Redfin Takes a Bite Out of Realtor’s Commissions

Redfin is another example of the Internet's destructive effect on low-value intermediation. It's an online brokerage service that kicks back 2/3 of the agent's 3% commission to the seller. (I suppose the buyer's agent still gets the usual 3%? Why?)

[[Update: There's a much different and no doubt better explanation of how this works in the first comment below.]]

So far Redfin is only available in Baltimore, Boston, Los Angeles, Orange County, San Diego, San Francisco, Seattle, and Washington DC, but unless some states have Realtor-protective legislation banning kickbacks like this I think things like this should be everywhere soon.

Of course, it wouldn't shock me to learn we had a Realtor-protective law here in Florida, given the power of the Realtors. An example of their power is that the newspapers capitalize the “R”. They don't do that for “lawyers” or “attorneys”.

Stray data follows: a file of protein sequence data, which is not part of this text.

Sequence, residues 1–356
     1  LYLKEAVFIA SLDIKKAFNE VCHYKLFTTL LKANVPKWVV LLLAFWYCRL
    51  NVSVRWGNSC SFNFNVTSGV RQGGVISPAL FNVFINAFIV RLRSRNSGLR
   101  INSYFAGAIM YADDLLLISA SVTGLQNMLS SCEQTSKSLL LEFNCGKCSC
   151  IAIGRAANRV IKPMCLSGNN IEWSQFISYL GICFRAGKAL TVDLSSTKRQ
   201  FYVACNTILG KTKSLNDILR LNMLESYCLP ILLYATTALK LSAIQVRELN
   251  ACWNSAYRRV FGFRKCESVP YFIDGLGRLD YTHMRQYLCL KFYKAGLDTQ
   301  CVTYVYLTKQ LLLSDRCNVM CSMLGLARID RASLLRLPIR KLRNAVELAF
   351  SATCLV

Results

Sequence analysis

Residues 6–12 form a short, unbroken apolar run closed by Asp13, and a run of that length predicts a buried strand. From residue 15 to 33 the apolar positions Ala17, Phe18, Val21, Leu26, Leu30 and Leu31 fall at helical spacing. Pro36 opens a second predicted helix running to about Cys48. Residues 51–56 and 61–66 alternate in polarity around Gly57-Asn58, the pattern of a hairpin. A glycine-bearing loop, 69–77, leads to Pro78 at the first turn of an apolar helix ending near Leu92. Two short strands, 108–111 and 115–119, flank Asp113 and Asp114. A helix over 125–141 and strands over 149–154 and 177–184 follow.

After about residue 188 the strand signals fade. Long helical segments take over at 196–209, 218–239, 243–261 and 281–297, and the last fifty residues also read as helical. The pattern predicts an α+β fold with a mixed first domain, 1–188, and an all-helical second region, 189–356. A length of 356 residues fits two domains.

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2 Responses to Redfin Takes a Bite Out of Realtor’s Commissions

  1. elliottg says:

    You should probably correct your post. The 2/3 kickback is the buyer’s commission and not the seller’s. On the seller’s side, the commission is flat rate for $3000 upfront or $4000 at closing (California does not allow the upfront option). That means a typical 500k San Francisco home sold through Redfin on both sides would have a $9000 total commission vs. $30,000 for the full service 6%.

  2. paperwight says:

    Also, “Realtor” is a registered servicemark (and for minor uses, trademark) of the National Association of Realtors, and they defend it pretty aggressively, which is why it’s capitalized, I suspect.

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